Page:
Last night I had my family over for dinner and I decided to do a vegetarian style Greek dinner.  The menu was falafel sandwich with hummus and salad.  I used this recipe for a greek yogurt dressing for the salad, which I thought was very good.  The hint of fresh mint was a very nice touch.  For the hummus I used my usual recipe which I think is fairly standard and is usually a hit.  But, when it came to the falafel sandwiches, they were …. well, just okay.  And okay is fine, but usually when I invite people, especially family, over for dinner I hope for better.

For one, I baked the falafel not wanting to deal with the mess of frying.  I suppose that may have been the bigger of my mistakes.  But, I used this recipe and just found it to be a bit lacking.  In addition, I pulled another recipe for the tahini sauce and it was simply too overpowering.  It was very thick unlike the tahini sauce I am accustomed to seeing in my local Greek restaurant.  I was almost wondering what would have happened had I inverted the quantities of tahini and lemon juice.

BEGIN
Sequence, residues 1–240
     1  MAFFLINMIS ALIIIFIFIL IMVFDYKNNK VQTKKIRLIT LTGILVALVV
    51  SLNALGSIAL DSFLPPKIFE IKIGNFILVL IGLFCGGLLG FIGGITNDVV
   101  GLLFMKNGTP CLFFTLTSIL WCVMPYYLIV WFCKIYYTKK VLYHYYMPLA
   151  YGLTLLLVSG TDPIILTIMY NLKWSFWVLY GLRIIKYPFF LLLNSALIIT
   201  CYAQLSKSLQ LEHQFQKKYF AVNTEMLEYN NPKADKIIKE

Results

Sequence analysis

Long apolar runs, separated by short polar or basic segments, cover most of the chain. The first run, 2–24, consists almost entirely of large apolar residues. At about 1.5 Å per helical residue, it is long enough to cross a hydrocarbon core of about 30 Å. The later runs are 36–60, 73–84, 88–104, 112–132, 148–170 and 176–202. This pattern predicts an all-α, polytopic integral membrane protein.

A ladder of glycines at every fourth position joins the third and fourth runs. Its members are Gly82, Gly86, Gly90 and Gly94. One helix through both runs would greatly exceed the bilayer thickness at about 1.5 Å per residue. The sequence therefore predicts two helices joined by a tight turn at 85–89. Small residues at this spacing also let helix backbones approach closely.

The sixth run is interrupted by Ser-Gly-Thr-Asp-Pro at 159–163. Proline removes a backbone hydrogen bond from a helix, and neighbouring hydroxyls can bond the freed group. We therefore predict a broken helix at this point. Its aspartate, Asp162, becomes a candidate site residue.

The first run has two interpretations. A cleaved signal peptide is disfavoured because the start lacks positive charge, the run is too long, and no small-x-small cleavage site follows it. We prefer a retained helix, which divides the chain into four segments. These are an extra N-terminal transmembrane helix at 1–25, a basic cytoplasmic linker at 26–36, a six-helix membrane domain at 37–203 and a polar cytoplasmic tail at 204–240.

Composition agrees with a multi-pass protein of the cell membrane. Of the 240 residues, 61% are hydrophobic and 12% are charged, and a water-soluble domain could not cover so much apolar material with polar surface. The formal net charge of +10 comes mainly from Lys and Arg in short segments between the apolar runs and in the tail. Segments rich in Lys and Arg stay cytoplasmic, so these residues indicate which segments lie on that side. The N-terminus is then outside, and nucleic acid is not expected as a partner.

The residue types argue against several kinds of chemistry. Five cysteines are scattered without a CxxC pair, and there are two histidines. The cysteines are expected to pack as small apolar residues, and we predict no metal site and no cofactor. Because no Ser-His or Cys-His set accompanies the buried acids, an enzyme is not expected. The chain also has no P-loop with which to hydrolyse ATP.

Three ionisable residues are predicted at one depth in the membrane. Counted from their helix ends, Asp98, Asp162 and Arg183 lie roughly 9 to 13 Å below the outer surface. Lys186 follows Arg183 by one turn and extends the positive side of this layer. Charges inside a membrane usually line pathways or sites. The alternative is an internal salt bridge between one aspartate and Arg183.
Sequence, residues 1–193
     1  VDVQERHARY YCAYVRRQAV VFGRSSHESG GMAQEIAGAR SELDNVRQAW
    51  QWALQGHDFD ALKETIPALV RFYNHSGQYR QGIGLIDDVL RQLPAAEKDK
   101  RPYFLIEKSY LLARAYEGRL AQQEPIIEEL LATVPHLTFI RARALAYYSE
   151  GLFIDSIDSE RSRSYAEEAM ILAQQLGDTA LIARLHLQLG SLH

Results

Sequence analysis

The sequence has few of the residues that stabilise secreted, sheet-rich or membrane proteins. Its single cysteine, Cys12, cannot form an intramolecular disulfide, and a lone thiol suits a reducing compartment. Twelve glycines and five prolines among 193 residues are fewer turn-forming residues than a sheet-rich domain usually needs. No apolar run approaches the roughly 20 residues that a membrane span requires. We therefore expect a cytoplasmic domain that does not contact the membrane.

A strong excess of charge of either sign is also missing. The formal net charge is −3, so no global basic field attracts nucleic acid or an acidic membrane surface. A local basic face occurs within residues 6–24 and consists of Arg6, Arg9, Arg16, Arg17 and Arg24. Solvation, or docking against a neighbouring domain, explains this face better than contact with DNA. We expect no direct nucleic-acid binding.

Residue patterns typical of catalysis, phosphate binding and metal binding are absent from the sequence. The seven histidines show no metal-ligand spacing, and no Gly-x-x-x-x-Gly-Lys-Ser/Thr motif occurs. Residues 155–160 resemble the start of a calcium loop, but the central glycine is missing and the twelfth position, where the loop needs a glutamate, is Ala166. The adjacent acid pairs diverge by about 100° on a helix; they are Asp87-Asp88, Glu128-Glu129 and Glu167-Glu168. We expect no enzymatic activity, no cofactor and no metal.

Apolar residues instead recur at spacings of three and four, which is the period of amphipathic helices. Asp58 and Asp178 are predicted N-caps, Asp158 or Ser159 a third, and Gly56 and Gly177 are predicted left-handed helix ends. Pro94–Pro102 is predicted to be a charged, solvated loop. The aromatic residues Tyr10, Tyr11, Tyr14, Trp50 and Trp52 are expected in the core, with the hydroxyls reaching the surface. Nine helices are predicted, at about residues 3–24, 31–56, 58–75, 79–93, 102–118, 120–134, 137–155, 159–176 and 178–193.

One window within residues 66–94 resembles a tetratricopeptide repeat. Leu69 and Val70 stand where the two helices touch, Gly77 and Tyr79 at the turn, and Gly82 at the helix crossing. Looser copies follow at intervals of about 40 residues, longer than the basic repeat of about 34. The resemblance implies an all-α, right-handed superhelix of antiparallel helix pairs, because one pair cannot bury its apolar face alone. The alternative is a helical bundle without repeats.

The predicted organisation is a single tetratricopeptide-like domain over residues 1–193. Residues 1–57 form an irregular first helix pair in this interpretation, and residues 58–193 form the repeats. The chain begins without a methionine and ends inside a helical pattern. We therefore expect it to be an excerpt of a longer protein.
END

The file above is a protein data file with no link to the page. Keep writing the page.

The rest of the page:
At any rate, everyone ate their meal with no complaints and said that everything was good.  But, I know it could have been better.   So, my questions for you … has anyone got a good falafel recipe?  I love falafel and definitely want to try again.  Also, do I have to fry it to get the real deal at home?  What about a good tahini sauce?

Baked Potatoes

You can usually avoid this by stabbing the potato viciously with a thin blade before cooking (Photo by Robert S. Donovan)

Lifehacker prompted this post, they linked to a page of Kitchen Myths. Most of the list was pretty boring, stuff I either knew (that microwaving does not cause food to become radioactive 😉 or was not really interested in (like whether “real chili” could contain beans) there was one I’d qualify. The author says:

The microwave oven certainly has many legitimate uses, but baking potatoes (or anything else) is not one of them. Sure, you can cook a whole potato in the microwave, but what you get is a steamed potato. The crispy skin and fluffy interior of the genuine baked potato require a long cooking in dry heat.

This is true, but misses the point. What you do is almost cook the potatoes in the microwave, then oil and salt the skins and finish them off in the oven. A saving in fuel as the oven is on much less long and time.